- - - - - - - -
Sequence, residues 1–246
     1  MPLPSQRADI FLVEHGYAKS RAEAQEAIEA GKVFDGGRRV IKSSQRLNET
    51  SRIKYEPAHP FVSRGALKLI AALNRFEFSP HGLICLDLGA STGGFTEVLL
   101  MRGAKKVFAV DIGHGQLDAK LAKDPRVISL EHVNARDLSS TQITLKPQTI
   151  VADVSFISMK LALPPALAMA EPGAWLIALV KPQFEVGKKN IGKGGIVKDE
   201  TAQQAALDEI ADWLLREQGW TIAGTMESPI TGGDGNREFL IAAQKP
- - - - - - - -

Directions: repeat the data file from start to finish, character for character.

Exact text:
Sequence, residues 1–246
     1  MPLPSQRADI FLVEHGYAKS RAEAQEAIEA GKVFDGGRRV IKSSQRLNET
    51  SRIKYEPAHP FVSRGALKLI AALNRFEFSP HGLICLDLGA STGGFTEVLL
   101  MRGAKKVFAV DIGHGQLDAK LAKDPRVISL EHVNARDLSS TQITLKPQTI
   151  VADVSFISMK LALPPALAMA EPGAWLIALV KPQFEVGKKN IGKGGIVKDE
   201  TAQQAALDEI ADWLLREQGW TIAGTMESPI TGGDGNREFL IAAQKP